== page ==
I’ve followed the story of WCW being sold to the WWF very closely, whether it be by keeping tabs on all the news, or reading commentaries at other sites.
There seems to be this notion that Vince McMahon owning WCW will be a terrible thing for wrestling.
I think something that online wrestling journalists fail to understand is that they are not part of the industry. Websites and newsletters are on the fan side of the game, and from that perspective, it’s pretty much all positive that McMahon will run WCW.
Sure, the wrestlers themselves will be paid less and will have no leverage in contract negotiations. Those who are bad seeds or have a rocky relationship with Vince McMahon will probably not be able to make their living as a professional wrestling in the US anymore. But when it comes down to it, how does that affect me, the wrestling fan.
The short answer? It doesn’t.
I have spent the better part of three years holding the WCW flag, enjoying the good and criticizing the bad. I have written dozens of columns detailing what I felt were the biggest flaws in WCW and how a well run management team could fix them. (I would be able to link to some from the summer of 99, but like Hyatte says, I delete them after four months- what a dick I am!).
A quick look at WCW’s major flaws since its downfall will show that a Vince McMahon
implemented control scheme will solve just about all of them.
Let’s face it, as fans, there is no one better to run WCW than Vince McMahon. Anyone else who would take over WCW would try to emulate what McMahon has perfected over the years. The machine with which the WWF is run is amazing. It’s impossible to maintain a high level of excellence at all times, but the WWF has done it for a large majority of the time.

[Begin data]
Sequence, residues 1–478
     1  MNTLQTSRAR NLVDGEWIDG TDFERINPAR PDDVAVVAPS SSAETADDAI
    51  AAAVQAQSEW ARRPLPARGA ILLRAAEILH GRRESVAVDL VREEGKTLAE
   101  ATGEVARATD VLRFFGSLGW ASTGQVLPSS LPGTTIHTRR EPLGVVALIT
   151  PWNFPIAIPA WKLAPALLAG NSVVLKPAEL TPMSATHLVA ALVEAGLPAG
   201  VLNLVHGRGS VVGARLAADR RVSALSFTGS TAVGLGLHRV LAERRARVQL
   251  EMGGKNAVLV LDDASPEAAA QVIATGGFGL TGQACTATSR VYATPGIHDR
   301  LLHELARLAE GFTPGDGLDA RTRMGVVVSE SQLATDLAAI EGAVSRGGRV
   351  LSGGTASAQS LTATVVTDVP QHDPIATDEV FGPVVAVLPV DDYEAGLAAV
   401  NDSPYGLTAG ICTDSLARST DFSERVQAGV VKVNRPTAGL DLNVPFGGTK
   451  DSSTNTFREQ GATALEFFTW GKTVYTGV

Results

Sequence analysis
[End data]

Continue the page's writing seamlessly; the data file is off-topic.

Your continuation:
WCW’s critics have spent years bashing the promotion for mismanagement, poor booking and weak production. By having the WWF running the show, these problems are gone in a matter of months. Imagine all your favorite WCW personalities, each with a unique theme song, cool entrance and video package, customized ring gear, logos and signature moves. They are all coached on interviews and given a specific gimmick that is allowed to grow and change.
Suddenly Sean O’Haire changes from “big scary dudeÃ¢â‚¬Â to a well rounded character, with a cool theme song, several signature moves and storylines where the fans can actually get behind him. Mike Awesome can be properly pushed a singles force, put in the ring with people who can make him look good instead of some random opponent decided upon minutes before the show. Lance Storm can be propelled from Triple Crown champion into the main event scene instead of depushing into garbage feuds with The Cat and High Morrus. And so on.
Are there long term implications to a wrestling monopoly? Probably yes. But for those who have wanted WCW to improve since its nWo heyday, there is no better short term solution than to have Vince McMahon at the helm.
Wrestling fans can look forward, for the first time ever, to two separate national promotions that both feature good in ring action and compelling booking. Wrestling websites will continue to experience increased traffic, with talk of the WWF and WCW ongoing, and the ongoing promise of a new promotion that will unseat the WWFWCW.
In September, when the WWF is as entertaining as ever, and WCW is back on its game with the right people being pushed with cool angles, step back as a fan and think for a moment. Think about how Rick Steiner is out of a job. Think about how the wrestlers might not be making 2 million dollars per year, but $500,000 instead. Think to yourself, “I wonder what Kevin Sullivan is up to these days.Ã¢â‚¬Â
Then laugh to yourself- who gives a damn about that, you’re the fan, you only care about what entertains you. And by all accounts, Vince McMahon running both shows can only be a good thing for you.